As Manpower illustrated in a pivotal 2001 report on workers with disabilities, “The cost of accommodation to people with disabilities is not high, and the benefits far outweigh the costs. Employees with disabilities contribute to productivity, are satisfied and are retained by employers.”
The good news is that a growing population of business leaders are recognizing the valuable contributions talent with disabilities bring to their organizations. For MSPs seeking to capitalize on the goldmine of untapped potential, staffing curators are the best prospectors.
Staffing curators leading the charge to place workers with disabilities
Staffing professionals began making strong inroads to cultivating disabled talent in the late 1980s, realizing that these overlooked workers often boasted higher performance ratings (with 90 percent receiving reviews ranked “good” or “excellent”), longer tenures, greater productivity, and higher cost efficiencies for employers. Staffing curators also understand the best practices and compliance regulations associated with hiring, accommodating and managing this talent.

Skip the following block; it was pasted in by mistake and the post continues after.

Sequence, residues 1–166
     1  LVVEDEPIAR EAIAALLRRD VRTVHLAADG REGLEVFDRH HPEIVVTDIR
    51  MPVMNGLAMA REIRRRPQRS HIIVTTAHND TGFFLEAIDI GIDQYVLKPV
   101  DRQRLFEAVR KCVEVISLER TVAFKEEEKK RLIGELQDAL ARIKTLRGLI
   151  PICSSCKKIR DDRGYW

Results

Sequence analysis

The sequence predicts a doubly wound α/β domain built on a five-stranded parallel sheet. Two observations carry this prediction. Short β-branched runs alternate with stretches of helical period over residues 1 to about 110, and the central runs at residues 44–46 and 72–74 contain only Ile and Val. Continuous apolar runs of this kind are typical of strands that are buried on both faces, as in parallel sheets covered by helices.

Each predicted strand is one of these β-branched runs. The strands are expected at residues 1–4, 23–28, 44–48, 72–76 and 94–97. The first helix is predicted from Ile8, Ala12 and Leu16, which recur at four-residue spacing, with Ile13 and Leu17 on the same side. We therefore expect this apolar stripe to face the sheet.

- They treat applicants with disabilities the same as other candidates. They utilize skills assessments, application reviews, personal interviews, testing and vetting processes tailored to the job requirements – not the condition of the talent.
- They don’t just scour online job boards for candidates – they develop social recruiting networks that source talent from associations, groups, foundations, community organizations, and others focused on serving the needs of people with disabilities.
- They host immersive training programs where they can simulate the conditions and tasks of the client company, which allows them to mentor and make adjustments prior to the first day of work.
- They use the same intense analytics, job profiling and matching processes to locate the best business cultures available for their candidates, ensuring a mutual alignment of interests, values, mission, and duties.